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What is Conformation?
  2006 Cherry Hill
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What is Conformation?

Excerpt from
Horse for Sale, How to Buy a Horse or Sell the One You Have
by Cherry Hill  1995

Conformation should be carefully evaluated whether the horse is a foal, an aged breeding animal, or a performance horse. Conformation has a strong impact on movement, performance, and soundness. While movement is most obvious as motion of the lower limbs, it is an integration of the action of the upper limbs, back, neck, in fact, the whole horse. Therefore, overall conformation must be considered when discussing the athletic potential of a horse. Certain conformation tends to lead to certain types of performance and also to certain unsoundness. However, there are no absolutes when it comes to predicting a horse's length of stride, degree of flexion or directness of travel. Generalizations related to stance, breed or type are peppered with exceptions.

Conformation refers to the physical appearance of a horse as dictated primarily by his bone and muscle structures and his outline. It is impractical to set a single standard of perfection or to specifically define ideal or normal conformation because the guidelines depend on the classification, type, breed, and intended use of a horse. A conformation evaluation should always relate to specific function.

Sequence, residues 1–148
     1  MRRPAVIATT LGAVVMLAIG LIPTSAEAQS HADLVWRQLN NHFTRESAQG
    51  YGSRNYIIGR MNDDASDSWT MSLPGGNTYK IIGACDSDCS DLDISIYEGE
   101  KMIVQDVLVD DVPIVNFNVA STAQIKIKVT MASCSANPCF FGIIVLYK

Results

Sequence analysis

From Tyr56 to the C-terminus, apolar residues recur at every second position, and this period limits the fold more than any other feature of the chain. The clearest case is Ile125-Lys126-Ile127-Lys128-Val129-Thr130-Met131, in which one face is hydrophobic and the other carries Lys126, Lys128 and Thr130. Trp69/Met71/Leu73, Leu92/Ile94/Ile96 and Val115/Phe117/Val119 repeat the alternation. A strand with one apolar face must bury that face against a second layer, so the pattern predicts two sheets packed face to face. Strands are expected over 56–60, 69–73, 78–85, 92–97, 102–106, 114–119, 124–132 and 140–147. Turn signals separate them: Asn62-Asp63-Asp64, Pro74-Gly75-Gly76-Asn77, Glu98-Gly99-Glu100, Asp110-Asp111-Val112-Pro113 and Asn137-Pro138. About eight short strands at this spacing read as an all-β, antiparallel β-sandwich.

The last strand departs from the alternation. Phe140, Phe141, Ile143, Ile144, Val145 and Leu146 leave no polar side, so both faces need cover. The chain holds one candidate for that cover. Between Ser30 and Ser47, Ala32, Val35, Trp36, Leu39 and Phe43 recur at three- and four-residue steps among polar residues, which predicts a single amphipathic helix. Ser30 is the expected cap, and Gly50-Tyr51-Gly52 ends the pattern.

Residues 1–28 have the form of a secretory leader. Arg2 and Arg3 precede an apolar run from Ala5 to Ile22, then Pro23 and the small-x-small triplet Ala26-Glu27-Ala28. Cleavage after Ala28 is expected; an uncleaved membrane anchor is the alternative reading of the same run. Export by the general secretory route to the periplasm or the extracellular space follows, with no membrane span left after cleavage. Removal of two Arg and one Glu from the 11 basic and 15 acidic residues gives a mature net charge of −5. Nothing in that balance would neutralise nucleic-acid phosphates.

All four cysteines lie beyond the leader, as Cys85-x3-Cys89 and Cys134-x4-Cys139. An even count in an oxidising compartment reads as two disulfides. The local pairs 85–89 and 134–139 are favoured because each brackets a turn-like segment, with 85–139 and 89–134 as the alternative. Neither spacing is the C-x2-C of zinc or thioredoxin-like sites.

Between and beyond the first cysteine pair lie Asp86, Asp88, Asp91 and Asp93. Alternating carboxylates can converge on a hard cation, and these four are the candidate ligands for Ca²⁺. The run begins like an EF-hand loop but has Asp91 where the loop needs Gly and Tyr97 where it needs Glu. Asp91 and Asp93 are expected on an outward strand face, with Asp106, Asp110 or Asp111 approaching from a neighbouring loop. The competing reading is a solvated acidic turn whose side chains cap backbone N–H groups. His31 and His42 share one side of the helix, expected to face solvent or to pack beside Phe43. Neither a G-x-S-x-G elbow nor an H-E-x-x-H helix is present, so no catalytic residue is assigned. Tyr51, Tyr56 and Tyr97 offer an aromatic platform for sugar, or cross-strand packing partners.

When discrepancies are discovered, it is important to differentiate between blemishes and unsoundnesses. Blemishes are scars and irregularities that do not affect the serviceability of the horse. Unsoundness cause a horse to be lame or otherwise unserviceable. Unsoundnesses include lameness caused from such conditions as navicular syndrome, wounds, ringbone, sidebone, spavin, thoroughpin, curb, and bowed tendons as well as miscellaneous conditions such as broken wind, blindness, and retained testicles.

Horses are classified as draft (heavy) horses, light horses, or ponies. Classifications are further divided by type according to overall body style and conformation and the work for which best suited. Refer to the chart in Chapter 2.

A breed is a group of horses with common ancestry and usually strong conformational similarities. In most cases, a horse must come from approved breeding stock to be registered with a particular breed. If a horse is not eligible for registration, it is considered a grade or crossbred horse.

Several breeds can have similar makeup and be of the same type. For example, most Quarter Horses, Paint Horses and Appaloosas are considered stock horse types. Some breeds contain individuals of different types within the breed. American Thoroughbreds can be of the race, hunter, or sport horse type.

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